Media article

Budget 2023 embeds progressive thinking and forward looking to lay down clear focus, vision, roadmap for digital, technology, AI and knowledge driven economic growth

Raja Lahiri
Raja Lahiri
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The first Budget in Amrit Kaal, the Union Budget 2023 by our honourable Finance Minister, provided a clear vision of a technology-driven, digital and knowledge-based economy. With technology and digital being one of the central themes across sectors, this year’s budget also showcased a clear intent and commitment towards a digital economy to make India a global technology, digital and knowledge powerhouse.

There have been a series of positive announcements that will boost the technology sector, opening up opportunities for businesses, including technology start-ups.  

The Budget very nicely anchors on four focus areas for the tech sector, tech and digital talent, digital infrastructure & innovation, ease of doing business and enhancing electronics manufacturing.

Let’s have a look at some of these:

  1. Firstly, the focus on digital talent development, which is key to driving growth in the tech sector.  Some of the proposals include:
    • The Pradhan Mantri Kaushal Vikas Yojana 4.0, which aims to skill lakhs of youth through on-job training, industry partnerships, and the alignment of courses with industry needs within the span of the next three years; 
    • The introduction of new-age courses like coding, AI, robotics, mechatronics, IOT, 3D printing, drones, etc. will address the rising demand for tech talent with in-demand skillsets to enhance skilling; 
    • The establishment of 30 Skill India International Centres and a unified Skill India digital platform will nurture and upskill the existing talent and make them future-ready.
  2. Consistent efforts and investments by the government in building a robust digital infrastructure will drive innovation and increase tech adoption across various domains.  Some of the proposals include:
    • Implementation of a national data governance policy will generate an ample amount of business opportunities, particularly for startups, by enabling access to a large amount of anonymized data and opening paths for research and innovation.
    • Three centres of excellence for artificial intelligence (AI) are positive investments to make AI a reality in a data-driven world. It will help in widening usage across various sectors such as BFSI, healthcare, etc.
    • One hundred 5G labs for developing applications using 5G services will add to our digital capabilities through the network’s rapid and efficient expansion, currently rolled out in more than 50 cities. It will also bring a significant transformation to the telecom sector, opening avenues for the private networks in the country.
    • Digital public infrastructure will be set up as open source for agriculture and is expected to transform the agriculture value chain and increase opportunities for agritech companies.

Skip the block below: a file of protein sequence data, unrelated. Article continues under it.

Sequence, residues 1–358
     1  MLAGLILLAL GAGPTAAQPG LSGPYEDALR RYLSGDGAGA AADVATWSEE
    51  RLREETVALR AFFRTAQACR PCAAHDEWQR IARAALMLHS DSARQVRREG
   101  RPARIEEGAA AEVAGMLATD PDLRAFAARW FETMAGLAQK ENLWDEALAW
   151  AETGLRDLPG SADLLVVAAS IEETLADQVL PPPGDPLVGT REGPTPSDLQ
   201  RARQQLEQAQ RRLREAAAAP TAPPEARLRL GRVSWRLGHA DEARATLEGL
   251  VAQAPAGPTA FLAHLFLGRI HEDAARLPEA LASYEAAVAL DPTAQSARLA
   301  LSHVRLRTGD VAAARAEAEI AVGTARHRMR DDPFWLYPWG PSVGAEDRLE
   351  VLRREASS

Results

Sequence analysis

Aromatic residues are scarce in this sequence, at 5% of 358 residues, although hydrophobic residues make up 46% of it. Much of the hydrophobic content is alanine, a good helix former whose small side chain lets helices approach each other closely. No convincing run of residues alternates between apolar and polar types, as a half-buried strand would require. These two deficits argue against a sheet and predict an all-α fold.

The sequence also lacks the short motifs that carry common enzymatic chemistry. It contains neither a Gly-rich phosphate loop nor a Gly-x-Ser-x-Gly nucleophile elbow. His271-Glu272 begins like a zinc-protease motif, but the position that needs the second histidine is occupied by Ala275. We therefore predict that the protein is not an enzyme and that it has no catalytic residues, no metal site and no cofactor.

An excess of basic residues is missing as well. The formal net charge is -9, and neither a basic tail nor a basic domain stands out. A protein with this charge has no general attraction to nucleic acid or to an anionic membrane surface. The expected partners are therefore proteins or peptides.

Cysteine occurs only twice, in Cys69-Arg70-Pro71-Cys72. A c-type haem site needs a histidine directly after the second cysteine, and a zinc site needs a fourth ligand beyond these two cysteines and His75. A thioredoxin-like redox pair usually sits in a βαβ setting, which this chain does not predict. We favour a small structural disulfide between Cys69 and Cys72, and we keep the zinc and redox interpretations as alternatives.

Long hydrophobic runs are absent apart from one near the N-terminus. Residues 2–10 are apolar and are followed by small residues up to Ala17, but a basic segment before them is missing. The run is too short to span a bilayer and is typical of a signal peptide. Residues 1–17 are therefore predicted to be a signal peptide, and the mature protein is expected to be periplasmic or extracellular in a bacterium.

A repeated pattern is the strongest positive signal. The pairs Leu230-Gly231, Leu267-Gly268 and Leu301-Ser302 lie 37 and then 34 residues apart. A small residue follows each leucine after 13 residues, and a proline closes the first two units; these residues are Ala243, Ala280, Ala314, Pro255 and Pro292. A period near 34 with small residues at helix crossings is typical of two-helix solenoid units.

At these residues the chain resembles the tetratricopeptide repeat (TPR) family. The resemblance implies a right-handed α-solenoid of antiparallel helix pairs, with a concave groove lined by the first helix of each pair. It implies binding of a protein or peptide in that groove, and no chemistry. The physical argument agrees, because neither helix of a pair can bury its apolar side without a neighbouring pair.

3. Measures taken to facilitate the ease of doing business through the introduction of DigiLocker and the use of PAN as the universal ID are some of the key steps. Moreover, 39,000 compliances have been reduced, more than 3,400 legal provisions have been decriminalized, and the Jan Vishwas Bill has been introduced to amend 42 Central Acts.  These steps would surely go a long way towards improving the ease of doing business.  
  4. The Budget has also encouraged domestic manufacturing of electronics products like mobile phones by reducing the custom duty on the import of certain parts, including camera lenses. The initiative is in line with the government’s consistent efforts to build an Atmanirbhar Bharat and to make India a global electronics hub.
  5. The Budget also recognises the importance and impact of the Indian start-up ecosystem which is now the 3rd largest globally and provides a boost by focusing on new age technology, addressing the ease of doing business by reducing regulatory compliances, and extending the tax holiday as well as carry forward of losses from 7 years to 10 years.  Moreover, the creation of Agriculture Fund would be a boost for agri-tech start-ups and takes the start-up story beyond cities and would provide inclusive growth for start-ups.
  6. As part of the phased manufacturing programme, mobile phone production in India has increased significantly from 5.8 Cr units in 2014-15 to 31 Cr units in the last fiscal year. This, in turn, has led to relaxations in customs duties to deepen domestic manufacturing in the country.
  7. On a separate note, the government has also set aside Rs. 3,000 Cr for the Indian Semiconductor Mission, which aims to build a vital semiconductor ecosystem, again in line with our vision to become a global hub for electronics manufacturing and design.

Moreover, other initiatives around digital include fiscal support of Rs. 1,500 Cr to expand the digital payment ecosystem, the expansion of the scope of documents available in DigiLocker for enabling more fintech services, the establishment of a national digital library, etc.

Capital gains tax rationalisation for unlisted equity with listed equity was an industry expectation which was perhaps a miss. Another aspect that could have been covered would be around digital security and cyber risks.  

Given the strong boost around digital infrastructure, new age technology and ease of doing business, in my view India is well poised to touch US$ 350 B in revenues, by 2025.   
Overall, the Budget embeds progressive thinking and forward looking to achieve the vision of “Make AI in India and Make AI work for India” and in our view, provides strong impetus to make India truly “Vibrant Digitally” in this decade.